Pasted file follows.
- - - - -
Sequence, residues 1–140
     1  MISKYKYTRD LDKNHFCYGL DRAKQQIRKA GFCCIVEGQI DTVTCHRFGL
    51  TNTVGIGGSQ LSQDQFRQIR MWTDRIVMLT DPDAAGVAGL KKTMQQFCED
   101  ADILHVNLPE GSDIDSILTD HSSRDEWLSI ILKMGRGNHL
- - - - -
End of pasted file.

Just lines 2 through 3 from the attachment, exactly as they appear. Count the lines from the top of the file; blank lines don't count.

     1  MISKYKYTRD LDKNHFCYGL DRAKQQIRKA GFCCIVEGQI DTVTCHRFGL
    51  TNTVGIGGSQ LSQDQFRQIR MWTDRIVMLT DPDAAGVAGL KKTMQQFCED